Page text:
Mesa 21

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Mesa21 interior

Most people will likely gravitate directly to the patio at Mesa 21. They might not even enter through the front door, instead walking through the short gateway just behind the valet stand (more on the valet later).

The waterfront seating with a view of Lake Ivanhoe has long been the draw of this space, ever since the building was erected, circa 2004, and Gargi’s moved into it from its closet-sized restaurant across the street. Sitting on the patio at sunset helped one overlook shortfalls with food and service.

Gargi’s is gone, the owners retired, and Mesa 21 has moved in. While some now grouse that the view across the lake is marred by the ongoing construction related to the I-4 updates — what’s it been now, 15 years? — they probably assume the patio is the place to be.

Hunger Street Tacos

Written by Scott Joseph on .

Hunger Street sign

There’s brisket at 2103 W. Fairbanks Ave. again.

That Winter Park address, you’ll recall, was the site of the first 4 Rivers Smokehouse, before it outgrew the space and moved and multiplied.

In January of 2013, B&B Junction, a burger concept, moved in, and while it had its share of loyal fans, they apparently weren’t enough to sustain it. B&B closed late last year. Now it’s the home of Hunger Street Tacos.

Speaking of loyal fans, something else has returned to the corner of Fairbanks and Formosa Avenues: parking problems and teed off neighbors. As was the case when 4 Rivers had lines out the door, Hunger Street Tacos, too, is causing taco fanatics to cruise the surrounding blocks in search of parking, much to the consternation of the neighbors. (Printed signs on telephone poles and the windows of the restaurant admonish customers to not park in the surrounding streets, but what else are they to do?)

Los Generales

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Generales chips 1

The little restaurant space on Curry Ford that La Fiesta vacated recently didn’t stay empty very long. And it was replaced by another Mexican restaurant, to boot.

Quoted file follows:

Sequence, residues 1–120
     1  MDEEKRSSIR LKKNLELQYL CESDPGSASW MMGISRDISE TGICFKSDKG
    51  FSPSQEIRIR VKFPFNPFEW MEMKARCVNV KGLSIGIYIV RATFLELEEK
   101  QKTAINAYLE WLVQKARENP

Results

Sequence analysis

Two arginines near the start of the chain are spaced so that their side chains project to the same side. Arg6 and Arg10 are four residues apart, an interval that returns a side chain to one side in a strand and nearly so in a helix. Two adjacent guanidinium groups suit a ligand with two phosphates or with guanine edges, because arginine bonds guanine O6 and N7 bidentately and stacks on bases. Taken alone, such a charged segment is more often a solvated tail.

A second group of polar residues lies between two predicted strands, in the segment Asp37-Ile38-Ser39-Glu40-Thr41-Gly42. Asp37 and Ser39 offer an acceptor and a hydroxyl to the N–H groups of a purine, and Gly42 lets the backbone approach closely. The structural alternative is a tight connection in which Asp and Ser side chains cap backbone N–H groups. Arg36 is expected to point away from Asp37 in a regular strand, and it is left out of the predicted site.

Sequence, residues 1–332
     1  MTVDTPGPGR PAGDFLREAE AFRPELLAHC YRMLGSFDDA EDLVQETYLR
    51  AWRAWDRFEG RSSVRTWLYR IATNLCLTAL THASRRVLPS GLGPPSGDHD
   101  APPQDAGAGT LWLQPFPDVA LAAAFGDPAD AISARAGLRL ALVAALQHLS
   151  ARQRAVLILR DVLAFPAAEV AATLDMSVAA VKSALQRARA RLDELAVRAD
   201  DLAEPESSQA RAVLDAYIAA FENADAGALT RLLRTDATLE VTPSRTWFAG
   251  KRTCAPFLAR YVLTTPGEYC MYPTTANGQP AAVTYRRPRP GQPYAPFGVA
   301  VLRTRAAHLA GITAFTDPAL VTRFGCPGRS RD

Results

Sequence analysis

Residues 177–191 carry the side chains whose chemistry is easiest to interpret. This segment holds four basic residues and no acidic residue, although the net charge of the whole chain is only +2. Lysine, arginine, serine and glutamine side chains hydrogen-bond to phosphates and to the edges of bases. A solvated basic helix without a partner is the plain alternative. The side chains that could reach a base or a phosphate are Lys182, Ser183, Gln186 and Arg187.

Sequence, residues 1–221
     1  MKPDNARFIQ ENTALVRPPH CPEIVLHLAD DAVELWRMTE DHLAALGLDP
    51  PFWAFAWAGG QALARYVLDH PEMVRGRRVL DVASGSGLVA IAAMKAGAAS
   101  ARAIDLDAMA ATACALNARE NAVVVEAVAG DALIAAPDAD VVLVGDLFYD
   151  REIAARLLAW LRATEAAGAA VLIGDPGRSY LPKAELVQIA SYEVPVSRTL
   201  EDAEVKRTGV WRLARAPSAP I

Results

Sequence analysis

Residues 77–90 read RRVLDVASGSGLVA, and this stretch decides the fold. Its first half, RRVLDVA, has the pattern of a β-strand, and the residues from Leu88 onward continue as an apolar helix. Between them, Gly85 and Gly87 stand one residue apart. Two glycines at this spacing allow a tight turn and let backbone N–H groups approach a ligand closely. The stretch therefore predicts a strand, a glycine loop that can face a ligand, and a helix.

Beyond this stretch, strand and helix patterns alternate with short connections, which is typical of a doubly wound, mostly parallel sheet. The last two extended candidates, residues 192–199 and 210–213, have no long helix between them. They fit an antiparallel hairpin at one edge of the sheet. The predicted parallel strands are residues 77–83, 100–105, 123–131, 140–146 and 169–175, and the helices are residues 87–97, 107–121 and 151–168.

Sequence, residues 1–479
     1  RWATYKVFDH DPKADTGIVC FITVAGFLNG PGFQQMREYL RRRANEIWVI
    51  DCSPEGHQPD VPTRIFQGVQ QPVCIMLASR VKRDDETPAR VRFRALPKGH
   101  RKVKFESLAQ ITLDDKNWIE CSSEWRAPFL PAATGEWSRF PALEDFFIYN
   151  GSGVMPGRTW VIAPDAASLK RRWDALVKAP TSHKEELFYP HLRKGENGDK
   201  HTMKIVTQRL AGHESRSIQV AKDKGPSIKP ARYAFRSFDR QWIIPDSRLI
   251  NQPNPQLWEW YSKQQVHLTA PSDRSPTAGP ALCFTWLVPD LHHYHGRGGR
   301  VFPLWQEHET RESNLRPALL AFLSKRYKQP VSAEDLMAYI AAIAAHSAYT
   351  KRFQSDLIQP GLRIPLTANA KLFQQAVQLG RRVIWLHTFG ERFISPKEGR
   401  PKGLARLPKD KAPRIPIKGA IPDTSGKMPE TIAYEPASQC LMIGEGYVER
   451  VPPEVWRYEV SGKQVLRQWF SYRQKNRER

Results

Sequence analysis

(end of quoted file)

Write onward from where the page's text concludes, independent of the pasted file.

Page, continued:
Los Generales moved in to 2901 Curry Ford Road after La Fiesta moved to a bigger space across the street. The name might sound familiar — it did to me — because there was a Los Generales in south Orlando that we visited several years ago (it was even one of the featured options during a Magical Dining Month), which is now closed.

But the name is merely coincidence.

Taco Twist

Written by Scott Joseph on .

Tacotwist exterior

Taco Twist is a small restaurant on West Colonial Drive that specializes in tacos. With a twist.

The twist is that in addition to your standard run of the mill Mexican variety, TT also offers a Korean version.

Of course Korean tacos aren’t that twisted themselves. One of the area’s older food trucks, Korean BBQ Taco Box, made them mainstream for Central Floridians.

At Taco Twist the tacos are available as an either/or option. You can have them in either the Mexican version or the Korean version.

I chose both.

Colibri Mexican Cuisine Sodo

Written by Scott Joseph on .

Colibri interior

I never think about Colibri when I think about Baldwin Park restaurants. Part of the reason is that the Mexican restaurant sits at the end of New Broad Street, apart from most of the other businesses. But it also doesn’t come to mind because its cuisine and the general dining experience are so forgettable.

Unfortunately, Colibri’s new location, in Orlando’s Sodo district, is just as unmemorable. It’s a lovely space — it took over the Egg & I and made it a bright, colorful and comfortable place. But the food just doesn’t excite; it’s remarkably bland. And service on a recent visit was inexplicably slow, even in a mostly empty restaurant.

And what Mexican restaurant worth its salsa runs out of pork before 7 p.m.?

But that sort of thing happens. A better question: Why would anyone put ceviche on top of a tostada?

La Fiesta Mexican Grill

Written by Scott Joseph on .

Lafiesta sign

For those who said they’d never cross the street to eat at La Fiesta Grill, there’s news: it has crossed the street so you don’t have to.

It took a little over a year for the move to occur, but the Mexican restaurant has finally taken over the space that previously was Southern Moon (Holy Smoke barbecue before that and an Eckerd Drug Store in the beginning). The announcement was first made when Ocean Sun Brewing announced it would begin making beer in an adjoining space. Ocean Sun opened in March.